- An award-winning evolutionary biologist has turned down the most prestigious research fellowship for young scientists in the country in frustration at funding cuts.
- Growing pressure on the South Australian health budget is why services will be wound down at the Repatriation General Hospital at Daw Park in Adelaide’s south, Health Minister Jack Snelling says.
- Britain has become the first country in the world to allow the creation of babies with DNA from three people, after MPs voted for the controversial procedure.
News on Health Professional Radio. Today is the 5th February 2015. Read by Rebecca Foster.
An award-winning evolutionary biologist has turned down the most prestigious research fellowship for young scientists in the country in frustration at funding cuts.
Dr Danielle Edwards specialises in reptiles and researches how genetic diversity is affected by factors like the environment.
She said her work fed into important questions around what species could survive extinction and why.
For the past four years Dr Edwards has been applying for research positions in Australia, but for most of that time she has only been able to get work in the United States.
Recently she was invited to apply for a position at the CSIRO, but before the interviewing process had concluded the job itself was gone.
“When the Abbott Government came in and put a freeze on CSIRO hiring, that search was subsequently cancelled. I was no longer able to apply,” she said.
Now Dr Edwards has been offered a Discovery Early Career Researcher Award (DECRA) by the Australian Research Council, a hugely competitive award worth $385,000.
But Dr Edwards has chosen to turn it down.
She said the most recent round of funding cuts to science and the prospect of university fee deregulation meant she saw no future in Australian science.
Dr Edwards said optimism for the future was not great for people who wanted to work in academia and science in Australia.
“The lack of government support that seems to be continuing and getting worse with the closure of CSIRO positions all over the place in general, I think, it’s going to be really hard for Australian scientists to produce world-class research going into the future,” she said.
Catriona Jackson, chief executive of Science and Technology Australia which represents more than 68,000 scientists around Australia, said the community expected that hard-working people who excelled in their field should be able to get a decent job in their home country.
Dr Jackson said a young career scientist turning down a DECRA was a huge decision.
Growing pressure on the South Australian health budget is why services will be wound down at the Repatriation General Hospital at Daw Park in Adelaide’s south, Health Minister Jack Snelling says.
A closure was recommended in a budget review four years ago but dismissed as “dopey” by then-premier Mike Rann.
Now the Transforming Health consultation paper released by the SA Government this week outlines the bleak future facing the ageing Daw Park facility.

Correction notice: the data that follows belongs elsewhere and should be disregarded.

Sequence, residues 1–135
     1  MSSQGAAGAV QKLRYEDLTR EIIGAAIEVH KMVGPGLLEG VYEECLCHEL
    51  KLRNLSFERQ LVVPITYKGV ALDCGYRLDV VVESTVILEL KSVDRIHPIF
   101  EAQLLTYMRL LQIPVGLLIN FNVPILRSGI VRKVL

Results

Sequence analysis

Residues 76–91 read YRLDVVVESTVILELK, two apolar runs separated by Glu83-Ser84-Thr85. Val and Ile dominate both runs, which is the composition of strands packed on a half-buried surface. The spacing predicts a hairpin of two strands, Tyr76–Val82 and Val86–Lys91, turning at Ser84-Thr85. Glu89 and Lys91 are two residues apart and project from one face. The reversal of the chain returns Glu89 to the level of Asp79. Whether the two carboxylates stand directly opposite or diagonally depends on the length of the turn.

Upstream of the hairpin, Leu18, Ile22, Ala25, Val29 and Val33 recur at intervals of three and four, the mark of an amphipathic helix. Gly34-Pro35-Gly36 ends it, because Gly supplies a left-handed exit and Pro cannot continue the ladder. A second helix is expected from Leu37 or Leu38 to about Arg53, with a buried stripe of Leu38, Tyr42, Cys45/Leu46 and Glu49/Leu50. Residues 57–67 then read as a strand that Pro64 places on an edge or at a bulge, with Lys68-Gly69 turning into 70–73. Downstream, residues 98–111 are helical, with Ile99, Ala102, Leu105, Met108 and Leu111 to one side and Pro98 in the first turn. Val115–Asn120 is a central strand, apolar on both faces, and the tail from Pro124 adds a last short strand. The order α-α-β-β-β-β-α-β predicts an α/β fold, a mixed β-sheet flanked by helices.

But Mr Snelling argued South Australians had not been deceived by the Labor Government.
“Some of our best clinicians in the state are there at the Repatriation General Hospital [but] unfortunately, the way our health system’s configured, it doesn’t allow them to do that job as consistently as they should be able to,” he said.
“That requires some serious ‘surgery’ to the way our health system [is] currently configured, including moving services off the Repat site and onto brand new rehabilitation facilities.”
The Returned Services League (RSL) said it was worried crucial health services for war veterans would be lost when the Repat Hospital was wound down.
The health plan said the rehabilitation services currently at the Repat, Hampstead Rehabilitation Centre and Saint Margaret’s Rehabilitation Hospital would be shifted to Adelaide’s major hospitals and a new $15 million centre to replace the Repat Hospital’s ward 17 would treat veterans suffering from post-traumatic stress disorder.
Opposition health spokesman Stephen Wade said the impending loss of Repatriation Hospital care showed the State Government was more intent on saving money than lives.
Britain has become the first country in the world to allow the creation of babies with DNA from three people, after MPs voted for the controversial procedure.
About 2,500 women in Britain are at risk of bearing children with devastating conditions, by passing on faulty mitochondria, the genetic material around a cell’s nucleus.
After years of debate and medical research, British MPs have voted to legalise a technique aimed at preventing serious inherited diseases being passed on from mother to child.
Opponents of the move include scientists and religious leaders, while others fear the change opens the way to the possibility of “designer babies” in future.
Politicians in the House of Commons voted by 382 to 128 in favour of allowing the creation of in-vitro fertilisation (IVF) babies with DNA from three people.
Under the change to the laws on IVF, as well as receiving the usual “nuclear” DNA from its mother and father, the embryo would also include a small amount of healthy so-called mDNA from a woman donor.
Researchers say a tiny fraction of the child’s DNA would come from the donor, none determining characteristics or traits.
The bill is expected to be rubber-stamped by the House of Lords, the upper chamber of parliament, later this month, paving way for the procedure to begin next year.
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